Cartable culture

As New York real estate dynamics create new social dynamics in neighborhoods, Glenn Collins, writing in the NYT today, asks, “Is charisma cartable?

Bar 6, Buenos Aires

Bar 6, Buenos Aires

from Argentina's Travel Guide

from Argentina's Travel Guide

“But if drinking and dining have always been a movable feast in New York, is charisma cartable? Can the character of everything from venerable pubs to palatial eateries migrate with their names and owners? This portability issue has gained new urgency in a season of economic disarray, when property owners are less willing to extend the leases of even the most beloved old-timers.”


Favorite neighborhood bars, losing leases, relocate and hope that the vestiges of place, transported and reinstalled, will draw familiar customers and the character and culture of their original locations. He writes that, “Loyalists can be fickle, and geography perilous.”

He references a consultant who says, “you want to transfer a core set of values, so people will make an emotional connection and keep coming. But there’s a need for reinvention as well — new people must sense that this is the place to be.”

In the more barren urban landscape of Detroit, I often wonder if culture is cartable. Or maybe my question and challenge is, can form create culture?

In a recent trip to Argentina, we found a host of great places in Buenos Aires. Bar 6 was one of them.

The interior was a delight. Under an arching wooden canopy with an angular slice of sunlight  were a variety of settings supporting a variety of social opportunities. Much more than a bar, Bar 6 seemed to embody the dynamics of the entire neighborhood.

At mid-day, it was lunch that brought the people. In the early afternoon, the place seemed to catch a diverse clientele, both local and global, enjoying a break from the shopping in the Palermo neighborhood, or just stopping by because it was the local place to be. In the late afternoon, the moms took over the place, strollering in the infants, meeting the schoolkids, chatting with the current generation of young mothers.  By early evening, the commuting dads seemed to arrive to join their wives and kids for a cocktail to end the day and set a stage for dinner. Late in the evening, the hipsters arrived, and the place took on an extraordinarily different dynamic. Throughout it all there was a great sound track, and each of the formal settings–bar stool, couch, club chair, cafe table–supported each constituency.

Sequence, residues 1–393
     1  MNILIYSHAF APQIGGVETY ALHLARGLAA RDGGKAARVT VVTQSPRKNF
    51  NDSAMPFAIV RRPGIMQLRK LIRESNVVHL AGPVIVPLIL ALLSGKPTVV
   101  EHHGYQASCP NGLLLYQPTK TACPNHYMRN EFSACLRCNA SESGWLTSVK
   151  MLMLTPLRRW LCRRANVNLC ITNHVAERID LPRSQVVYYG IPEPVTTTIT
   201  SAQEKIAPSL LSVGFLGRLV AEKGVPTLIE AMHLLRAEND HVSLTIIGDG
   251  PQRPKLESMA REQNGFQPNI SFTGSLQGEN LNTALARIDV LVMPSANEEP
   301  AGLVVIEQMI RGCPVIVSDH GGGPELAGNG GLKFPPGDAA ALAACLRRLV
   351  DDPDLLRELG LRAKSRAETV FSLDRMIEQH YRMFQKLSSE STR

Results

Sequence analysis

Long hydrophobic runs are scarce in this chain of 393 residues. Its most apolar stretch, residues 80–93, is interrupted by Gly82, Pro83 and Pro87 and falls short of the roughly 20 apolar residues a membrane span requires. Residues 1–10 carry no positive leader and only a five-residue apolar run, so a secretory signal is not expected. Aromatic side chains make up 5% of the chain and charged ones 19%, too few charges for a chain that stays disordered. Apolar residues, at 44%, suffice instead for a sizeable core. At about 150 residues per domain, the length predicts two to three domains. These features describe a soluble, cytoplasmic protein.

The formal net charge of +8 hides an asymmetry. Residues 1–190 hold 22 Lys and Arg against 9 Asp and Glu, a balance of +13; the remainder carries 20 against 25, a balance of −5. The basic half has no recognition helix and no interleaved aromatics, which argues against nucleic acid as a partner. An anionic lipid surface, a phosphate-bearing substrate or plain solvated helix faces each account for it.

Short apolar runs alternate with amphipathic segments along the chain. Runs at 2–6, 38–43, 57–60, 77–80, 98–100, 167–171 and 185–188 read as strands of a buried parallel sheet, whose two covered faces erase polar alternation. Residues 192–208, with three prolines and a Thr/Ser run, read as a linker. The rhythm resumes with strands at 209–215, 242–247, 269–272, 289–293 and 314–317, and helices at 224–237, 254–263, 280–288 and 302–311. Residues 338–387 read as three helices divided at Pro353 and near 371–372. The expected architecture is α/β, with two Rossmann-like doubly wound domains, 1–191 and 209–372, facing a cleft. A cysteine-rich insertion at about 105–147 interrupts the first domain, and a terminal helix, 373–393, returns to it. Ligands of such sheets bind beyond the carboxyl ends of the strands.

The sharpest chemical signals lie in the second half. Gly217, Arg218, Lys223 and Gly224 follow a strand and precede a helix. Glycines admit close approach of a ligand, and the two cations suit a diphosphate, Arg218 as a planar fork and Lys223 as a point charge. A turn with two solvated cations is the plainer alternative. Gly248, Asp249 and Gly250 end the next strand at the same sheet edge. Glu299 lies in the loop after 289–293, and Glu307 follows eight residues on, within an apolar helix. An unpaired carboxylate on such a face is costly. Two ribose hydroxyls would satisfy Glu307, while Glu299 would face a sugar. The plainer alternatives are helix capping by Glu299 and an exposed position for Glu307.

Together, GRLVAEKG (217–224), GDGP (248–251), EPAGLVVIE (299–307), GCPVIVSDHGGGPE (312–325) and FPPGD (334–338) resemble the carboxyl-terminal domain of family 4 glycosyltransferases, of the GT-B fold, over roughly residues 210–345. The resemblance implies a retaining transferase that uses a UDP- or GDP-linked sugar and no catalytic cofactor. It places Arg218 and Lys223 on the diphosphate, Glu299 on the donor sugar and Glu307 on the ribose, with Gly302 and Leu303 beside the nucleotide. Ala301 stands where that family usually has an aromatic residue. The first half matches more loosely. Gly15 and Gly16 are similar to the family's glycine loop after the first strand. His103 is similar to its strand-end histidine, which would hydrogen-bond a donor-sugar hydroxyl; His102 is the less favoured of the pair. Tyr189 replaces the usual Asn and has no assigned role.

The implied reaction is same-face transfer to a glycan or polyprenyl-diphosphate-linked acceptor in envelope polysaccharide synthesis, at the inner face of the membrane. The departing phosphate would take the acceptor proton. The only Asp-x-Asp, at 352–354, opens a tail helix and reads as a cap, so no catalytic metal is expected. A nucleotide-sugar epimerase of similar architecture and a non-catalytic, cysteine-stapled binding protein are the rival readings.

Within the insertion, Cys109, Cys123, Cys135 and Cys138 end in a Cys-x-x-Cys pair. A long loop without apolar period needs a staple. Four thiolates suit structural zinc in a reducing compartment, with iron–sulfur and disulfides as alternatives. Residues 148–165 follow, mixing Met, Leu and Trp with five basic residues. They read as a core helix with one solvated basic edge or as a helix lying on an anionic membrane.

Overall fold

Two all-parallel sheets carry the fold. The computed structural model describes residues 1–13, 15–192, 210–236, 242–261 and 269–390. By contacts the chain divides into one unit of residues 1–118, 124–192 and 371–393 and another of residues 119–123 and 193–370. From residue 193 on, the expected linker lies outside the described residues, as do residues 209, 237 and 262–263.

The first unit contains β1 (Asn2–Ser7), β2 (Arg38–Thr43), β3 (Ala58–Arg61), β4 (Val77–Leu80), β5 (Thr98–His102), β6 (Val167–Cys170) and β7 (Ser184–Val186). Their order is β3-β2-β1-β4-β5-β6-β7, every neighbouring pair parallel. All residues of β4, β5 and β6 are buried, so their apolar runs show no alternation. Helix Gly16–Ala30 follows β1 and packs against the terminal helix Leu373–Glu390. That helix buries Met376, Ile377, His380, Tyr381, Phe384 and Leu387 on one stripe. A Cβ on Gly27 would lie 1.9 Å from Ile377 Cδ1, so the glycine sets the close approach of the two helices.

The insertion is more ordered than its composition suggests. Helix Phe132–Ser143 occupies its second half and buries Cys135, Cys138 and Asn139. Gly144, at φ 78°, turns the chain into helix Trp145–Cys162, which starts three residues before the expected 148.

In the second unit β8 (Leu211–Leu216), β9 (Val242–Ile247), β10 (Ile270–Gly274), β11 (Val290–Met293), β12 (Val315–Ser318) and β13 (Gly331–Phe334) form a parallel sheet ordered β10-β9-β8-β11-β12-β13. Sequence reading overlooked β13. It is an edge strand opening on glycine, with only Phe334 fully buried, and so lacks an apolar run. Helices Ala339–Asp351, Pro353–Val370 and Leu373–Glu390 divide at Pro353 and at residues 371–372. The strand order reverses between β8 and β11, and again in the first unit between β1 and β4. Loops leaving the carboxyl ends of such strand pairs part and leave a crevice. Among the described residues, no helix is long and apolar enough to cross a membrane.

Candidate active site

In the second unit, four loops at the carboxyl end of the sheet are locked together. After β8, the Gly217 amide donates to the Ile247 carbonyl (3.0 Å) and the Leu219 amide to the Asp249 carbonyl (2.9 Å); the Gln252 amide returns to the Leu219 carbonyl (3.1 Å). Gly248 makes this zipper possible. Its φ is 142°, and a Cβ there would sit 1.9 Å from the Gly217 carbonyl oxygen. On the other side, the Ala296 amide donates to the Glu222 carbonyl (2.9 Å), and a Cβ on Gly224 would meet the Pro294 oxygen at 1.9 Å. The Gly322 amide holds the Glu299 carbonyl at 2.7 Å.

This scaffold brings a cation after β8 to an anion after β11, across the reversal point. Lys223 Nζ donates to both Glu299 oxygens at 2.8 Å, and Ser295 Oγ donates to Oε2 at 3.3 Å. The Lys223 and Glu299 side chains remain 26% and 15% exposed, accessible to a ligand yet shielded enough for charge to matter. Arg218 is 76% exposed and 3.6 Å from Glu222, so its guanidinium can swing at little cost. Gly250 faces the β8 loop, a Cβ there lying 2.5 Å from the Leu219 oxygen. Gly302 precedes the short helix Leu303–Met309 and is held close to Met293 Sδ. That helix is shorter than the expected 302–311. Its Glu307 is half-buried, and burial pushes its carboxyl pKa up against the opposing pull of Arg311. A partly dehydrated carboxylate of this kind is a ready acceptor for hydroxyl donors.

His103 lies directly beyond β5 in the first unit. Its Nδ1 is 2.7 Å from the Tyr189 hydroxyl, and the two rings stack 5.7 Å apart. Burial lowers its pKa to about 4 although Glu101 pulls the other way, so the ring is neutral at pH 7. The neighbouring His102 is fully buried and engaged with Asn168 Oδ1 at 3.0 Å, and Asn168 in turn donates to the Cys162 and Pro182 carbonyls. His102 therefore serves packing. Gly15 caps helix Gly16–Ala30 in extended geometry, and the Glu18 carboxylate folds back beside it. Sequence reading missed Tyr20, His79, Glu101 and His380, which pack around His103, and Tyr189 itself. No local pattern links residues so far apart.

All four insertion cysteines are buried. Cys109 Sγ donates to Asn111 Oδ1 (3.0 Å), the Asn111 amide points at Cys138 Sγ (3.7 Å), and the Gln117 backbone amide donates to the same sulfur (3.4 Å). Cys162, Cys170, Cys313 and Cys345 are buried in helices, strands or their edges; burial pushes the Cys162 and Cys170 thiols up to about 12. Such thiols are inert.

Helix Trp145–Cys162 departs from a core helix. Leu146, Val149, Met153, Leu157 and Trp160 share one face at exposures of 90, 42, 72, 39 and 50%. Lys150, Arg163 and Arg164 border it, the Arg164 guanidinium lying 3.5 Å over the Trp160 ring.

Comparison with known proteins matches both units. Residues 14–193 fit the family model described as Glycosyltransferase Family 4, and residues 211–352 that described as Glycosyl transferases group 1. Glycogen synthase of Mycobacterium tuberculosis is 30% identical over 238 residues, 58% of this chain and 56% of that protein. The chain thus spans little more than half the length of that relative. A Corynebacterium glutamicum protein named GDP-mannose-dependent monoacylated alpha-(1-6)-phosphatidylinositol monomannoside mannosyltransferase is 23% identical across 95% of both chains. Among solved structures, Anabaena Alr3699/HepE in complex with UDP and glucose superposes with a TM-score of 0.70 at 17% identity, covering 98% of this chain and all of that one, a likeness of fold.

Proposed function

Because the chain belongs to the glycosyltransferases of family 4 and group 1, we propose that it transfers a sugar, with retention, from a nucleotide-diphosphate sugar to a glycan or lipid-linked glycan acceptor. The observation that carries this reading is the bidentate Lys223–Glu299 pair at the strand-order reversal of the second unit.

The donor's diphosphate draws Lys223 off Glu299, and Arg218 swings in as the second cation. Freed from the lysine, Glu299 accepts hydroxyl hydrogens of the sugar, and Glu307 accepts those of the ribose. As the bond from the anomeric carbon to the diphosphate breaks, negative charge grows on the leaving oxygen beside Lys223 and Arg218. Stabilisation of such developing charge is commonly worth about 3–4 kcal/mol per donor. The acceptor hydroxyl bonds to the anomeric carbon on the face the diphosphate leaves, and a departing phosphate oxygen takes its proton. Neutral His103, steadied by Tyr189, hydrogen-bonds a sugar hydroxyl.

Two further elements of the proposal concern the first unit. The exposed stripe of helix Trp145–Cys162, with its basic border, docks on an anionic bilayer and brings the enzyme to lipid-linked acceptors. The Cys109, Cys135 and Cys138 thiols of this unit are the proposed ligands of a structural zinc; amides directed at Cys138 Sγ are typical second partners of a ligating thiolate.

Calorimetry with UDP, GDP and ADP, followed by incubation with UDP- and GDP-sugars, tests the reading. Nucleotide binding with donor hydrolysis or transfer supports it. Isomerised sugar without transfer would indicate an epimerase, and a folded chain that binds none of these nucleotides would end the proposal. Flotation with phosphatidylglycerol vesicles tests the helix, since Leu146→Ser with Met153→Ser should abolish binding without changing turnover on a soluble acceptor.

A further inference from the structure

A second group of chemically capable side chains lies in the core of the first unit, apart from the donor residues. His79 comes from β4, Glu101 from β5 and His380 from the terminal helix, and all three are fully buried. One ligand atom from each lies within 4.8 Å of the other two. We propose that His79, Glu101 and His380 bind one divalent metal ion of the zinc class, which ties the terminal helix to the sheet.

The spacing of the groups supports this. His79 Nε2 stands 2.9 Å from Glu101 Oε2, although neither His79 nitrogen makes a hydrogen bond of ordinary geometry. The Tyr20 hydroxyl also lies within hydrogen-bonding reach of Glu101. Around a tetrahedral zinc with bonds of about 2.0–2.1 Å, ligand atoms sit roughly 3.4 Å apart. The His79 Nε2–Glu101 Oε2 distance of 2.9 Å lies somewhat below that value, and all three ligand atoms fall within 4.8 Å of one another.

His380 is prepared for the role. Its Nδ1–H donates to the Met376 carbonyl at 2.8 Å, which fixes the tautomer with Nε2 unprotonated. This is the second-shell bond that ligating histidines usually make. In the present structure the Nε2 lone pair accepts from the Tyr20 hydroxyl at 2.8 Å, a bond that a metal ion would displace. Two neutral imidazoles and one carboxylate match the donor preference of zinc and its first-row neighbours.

Was this urban culture at work? Or was this form at work?

I yearn for the replication of this form in Detroit. I yearn for the places and spaces that support a diversity of generations, lifestyles, purposes and activities. I live, instead, in a place of social zoning—coffee places, family places, dinner places, places to explicitly articulate membership in a specific economic class/strata, cruising places, etc.

No place (I know of)  in Detroit is lit except from the narrow, frontal dimension. No place in Detroit offers anything than dark. No place in Detroit offers a diversity of settings. No place in Detroit offers appropriateness for every time of day and every generation. No place in Detroit accommodates more than one race, one generation, one lifestyle, one class, one. Nothing about Detroit is about community, only about conflict.

Does the embedded culture support the design of the place? Can design of place transform a culture? Can design, regardless of place, support community? Who designs Detoit, anyway? Who pays them, and for what? (Sorry!)

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